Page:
If you’ve been paying very close attention to the ‘Leadership Wednesday’ strand of this blog you’ll have spotted that one or two of the headings listed on the LW page have just been floating there unwritten for several months. This is because they are things that, for one reason or another, I haven’t quite been able to get my head around.
Take today’s topic for example. Every book I’ve ever read on Leadership, every message I’ve heard preached about it, everyone I’ve ever heard speak about it in any way has mentioned the importance of building good people around yourself, both in terms of hiring your teams and in who you choose to spend time with personally and professionally.
I’ve got a couple of problems with this, and have never been able to get the leaders I’ve known to give me any answers – so today is more about asking questions than sharing answers – if you can shed any light, I’d love to hear from you!
My first question is, quite simply, How?
It’s all very well if you’re naturally a strong, charismatic leader who people want to gather around – then you can pick and choose – but what if you’re an emerging leader, or even not a leader at all but want to learn from others? The thing about the good people is that everyone wants to be around them, and they are busy choosing who they want to build into their networks. If you’re a bit quieter or don’t really have anything to offer them, how do you build them around you?
One option is to seek out new, younger (or as yet untapped) leaders to bring onto your team, teach, nurture and build up. If you’re not yourself a high-flyer, though, they’re quickly going to want to move on – and you’ll want to encourage them to. So if you do your job well, pretty soon they won’t be ‘around you’ any more.
Secondly, what if you don’t have control over who’s on your team?
You may be a small group leader in a church or a ministry working with volunteers, or with people who have been assigned to you, or maybe you’ve just taken on a leadership role in an office or factory where the staff are pretty well established already. You can’t go round firing people just for the sake of being able to ‘head hunt’ the kind of people you want around you. There are very few jobs which allow you to pick your team all in one go. How do you work with what you’ve got, even if they’re not the best?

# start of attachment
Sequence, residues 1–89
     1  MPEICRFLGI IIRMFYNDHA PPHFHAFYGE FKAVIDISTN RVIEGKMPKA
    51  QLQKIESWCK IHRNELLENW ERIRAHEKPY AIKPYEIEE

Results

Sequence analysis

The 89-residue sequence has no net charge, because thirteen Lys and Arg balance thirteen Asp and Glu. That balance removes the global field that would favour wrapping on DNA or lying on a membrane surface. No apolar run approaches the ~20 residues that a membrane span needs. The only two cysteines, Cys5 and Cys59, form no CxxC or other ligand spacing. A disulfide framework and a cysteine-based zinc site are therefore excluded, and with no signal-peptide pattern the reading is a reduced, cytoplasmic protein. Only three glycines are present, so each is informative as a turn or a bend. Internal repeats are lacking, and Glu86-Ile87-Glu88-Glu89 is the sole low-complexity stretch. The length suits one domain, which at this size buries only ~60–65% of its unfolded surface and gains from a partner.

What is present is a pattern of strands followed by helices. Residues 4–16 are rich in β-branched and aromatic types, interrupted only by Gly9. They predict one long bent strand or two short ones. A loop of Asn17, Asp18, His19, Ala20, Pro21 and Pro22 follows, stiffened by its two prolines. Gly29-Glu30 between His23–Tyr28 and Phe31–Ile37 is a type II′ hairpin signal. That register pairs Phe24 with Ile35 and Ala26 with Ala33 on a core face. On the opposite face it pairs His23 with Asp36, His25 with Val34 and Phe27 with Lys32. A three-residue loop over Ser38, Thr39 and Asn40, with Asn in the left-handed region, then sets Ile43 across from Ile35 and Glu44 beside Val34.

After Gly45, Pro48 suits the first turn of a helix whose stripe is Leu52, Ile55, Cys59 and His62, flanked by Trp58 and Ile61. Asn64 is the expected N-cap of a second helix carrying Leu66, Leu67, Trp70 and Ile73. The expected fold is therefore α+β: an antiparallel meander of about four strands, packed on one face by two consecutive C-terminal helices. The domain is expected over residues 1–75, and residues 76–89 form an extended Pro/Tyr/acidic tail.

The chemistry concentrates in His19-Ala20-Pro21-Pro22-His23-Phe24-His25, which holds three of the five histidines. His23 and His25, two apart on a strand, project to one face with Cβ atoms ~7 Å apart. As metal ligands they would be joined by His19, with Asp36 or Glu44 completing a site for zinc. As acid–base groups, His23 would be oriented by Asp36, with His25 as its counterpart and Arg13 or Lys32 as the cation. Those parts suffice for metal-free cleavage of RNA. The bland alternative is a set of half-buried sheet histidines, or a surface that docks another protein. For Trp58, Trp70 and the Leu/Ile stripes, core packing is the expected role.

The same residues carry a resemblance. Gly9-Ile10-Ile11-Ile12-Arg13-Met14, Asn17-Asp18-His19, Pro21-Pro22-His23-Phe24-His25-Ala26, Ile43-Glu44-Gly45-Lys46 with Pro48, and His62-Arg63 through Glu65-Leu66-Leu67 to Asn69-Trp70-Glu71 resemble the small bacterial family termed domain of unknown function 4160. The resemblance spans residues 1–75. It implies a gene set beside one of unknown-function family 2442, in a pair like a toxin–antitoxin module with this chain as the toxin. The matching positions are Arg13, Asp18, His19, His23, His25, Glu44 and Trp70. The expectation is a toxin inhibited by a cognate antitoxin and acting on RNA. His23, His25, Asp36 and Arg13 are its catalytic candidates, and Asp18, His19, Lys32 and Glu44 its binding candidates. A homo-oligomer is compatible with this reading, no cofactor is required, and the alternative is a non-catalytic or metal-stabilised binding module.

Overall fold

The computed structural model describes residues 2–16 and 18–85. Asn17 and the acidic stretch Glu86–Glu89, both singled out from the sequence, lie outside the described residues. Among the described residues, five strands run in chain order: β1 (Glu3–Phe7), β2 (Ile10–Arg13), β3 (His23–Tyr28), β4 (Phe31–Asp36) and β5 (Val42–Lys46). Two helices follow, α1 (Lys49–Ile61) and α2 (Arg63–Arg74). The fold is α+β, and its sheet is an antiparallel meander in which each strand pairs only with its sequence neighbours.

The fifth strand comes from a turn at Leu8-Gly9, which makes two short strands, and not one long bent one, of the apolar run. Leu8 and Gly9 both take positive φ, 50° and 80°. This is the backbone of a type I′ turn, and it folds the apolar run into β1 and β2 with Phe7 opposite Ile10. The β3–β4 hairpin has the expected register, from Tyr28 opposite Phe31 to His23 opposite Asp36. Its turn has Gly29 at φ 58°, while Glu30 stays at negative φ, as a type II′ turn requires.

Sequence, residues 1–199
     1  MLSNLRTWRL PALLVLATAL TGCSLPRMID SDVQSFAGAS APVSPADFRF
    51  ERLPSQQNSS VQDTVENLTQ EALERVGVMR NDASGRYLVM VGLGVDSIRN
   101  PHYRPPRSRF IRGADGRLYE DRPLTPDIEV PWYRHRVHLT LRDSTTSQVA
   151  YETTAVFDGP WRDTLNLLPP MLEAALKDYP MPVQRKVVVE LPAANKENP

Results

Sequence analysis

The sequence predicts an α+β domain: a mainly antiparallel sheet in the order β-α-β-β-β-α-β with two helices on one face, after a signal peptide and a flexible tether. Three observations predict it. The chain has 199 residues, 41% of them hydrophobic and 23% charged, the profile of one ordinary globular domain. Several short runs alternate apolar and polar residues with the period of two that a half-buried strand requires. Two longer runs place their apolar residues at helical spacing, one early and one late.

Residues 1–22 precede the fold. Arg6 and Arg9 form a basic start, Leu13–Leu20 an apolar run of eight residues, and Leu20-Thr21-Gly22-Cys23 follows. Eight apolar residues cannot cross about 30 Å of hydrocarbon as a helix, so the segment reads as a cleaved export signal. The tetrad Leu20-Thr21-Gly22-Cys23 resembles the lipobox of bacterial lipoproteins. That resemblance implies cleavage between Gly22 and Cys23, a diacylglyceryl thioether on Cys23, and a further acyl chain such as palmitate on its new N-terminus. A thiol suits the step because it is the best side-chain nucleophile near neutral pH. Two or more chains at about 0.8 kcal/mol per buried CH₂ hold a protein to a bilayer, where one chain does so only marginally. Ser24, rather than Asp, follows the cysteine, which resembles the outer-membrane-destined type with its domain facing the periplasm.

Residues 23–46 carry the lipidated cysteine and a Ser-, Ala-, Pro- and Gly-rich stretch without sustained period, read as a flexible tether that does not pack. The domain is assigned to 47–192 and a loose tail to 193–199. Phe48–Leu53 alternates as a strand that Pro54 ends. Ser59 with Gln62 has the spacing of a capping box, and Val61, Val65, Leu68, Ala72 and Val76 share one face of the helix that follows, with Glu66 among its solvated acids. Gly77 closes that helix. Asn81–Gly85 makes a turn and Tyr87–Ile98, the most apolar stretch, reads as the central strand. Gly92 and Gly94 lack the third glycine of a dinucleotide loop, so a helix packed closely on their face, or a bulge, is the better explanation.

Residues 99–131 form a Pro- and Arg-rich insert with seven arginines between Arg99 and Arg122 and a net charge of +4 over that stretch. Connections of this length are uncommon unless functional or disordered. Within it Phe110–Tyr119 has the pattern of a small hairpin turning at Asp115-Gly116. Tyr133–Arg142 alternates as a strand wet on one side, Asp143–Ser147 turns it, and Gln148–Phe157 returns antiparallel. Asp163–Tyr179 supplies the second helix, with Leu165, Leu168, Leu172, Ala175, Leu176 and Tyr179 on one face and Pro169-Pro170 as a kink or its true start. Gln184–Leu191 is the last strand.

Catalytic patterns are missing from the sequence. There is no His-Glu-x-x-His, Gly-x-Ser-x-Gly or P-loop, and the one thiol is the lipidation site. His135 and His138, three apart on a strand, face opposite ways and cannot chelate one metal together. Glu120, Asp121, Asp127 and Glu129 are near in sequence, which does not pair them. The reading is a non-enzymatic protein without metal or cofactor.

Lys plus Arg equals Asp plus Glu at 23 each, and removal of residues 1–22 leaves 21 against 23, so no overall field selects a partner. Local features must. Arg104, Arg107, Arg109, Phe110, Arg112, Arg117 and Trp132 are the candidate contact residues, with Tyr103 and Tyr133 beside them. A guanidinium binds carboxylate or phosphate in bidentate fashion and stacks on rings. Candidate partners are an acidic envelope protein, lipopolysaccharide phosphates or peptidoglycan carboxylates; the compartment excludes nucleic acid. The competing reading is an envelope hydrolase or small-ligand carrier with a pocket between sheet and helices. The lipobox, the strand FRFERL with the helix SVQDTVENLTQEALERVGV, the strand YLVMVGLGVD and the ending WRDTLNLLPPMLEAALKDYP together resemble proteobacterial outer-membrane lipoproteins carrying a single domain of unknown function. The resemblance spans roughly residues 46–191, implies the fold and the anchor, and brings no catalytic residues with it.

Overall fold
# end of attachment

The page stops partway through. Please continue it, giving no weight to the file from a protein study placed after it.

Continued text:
(In case anyone from the CCL welcome team is reading this, I want to make it very clear that this is only a theoretical question – you are all fantastic, and I’d definitely have hired you given half a chance, I’m just wondering what would happen had that not been the case!)
My third question is more of a philosophical objection to the premise: What about caring for the people who can’t be of use to you, but need building up?
It seems to me that Jesus didn’t look for the best, most dynamic speakers and administrators and leaders when building people around him – he took those who had willing hearts and would submit to and learn from him. It seems much more in keeping with his way of operating to seek out the weak, weary, sick, downtrodden and broken-hearted; to care more about those who need you than those who can feed you.
If I am standing around chatting after church, or at a work event, wouldn’t it be better for me to seek out the person standing on her own, looking lost and lonely rather than the person in the centre of the crowd who can bring me reflected glory and access to people of power and influence?
I want to spend time with people who will spur me to be better, do more, develop a closer walk with the Lord, but those people are already busy doing that for so many others, how can I ask them to spread themselves even thinner?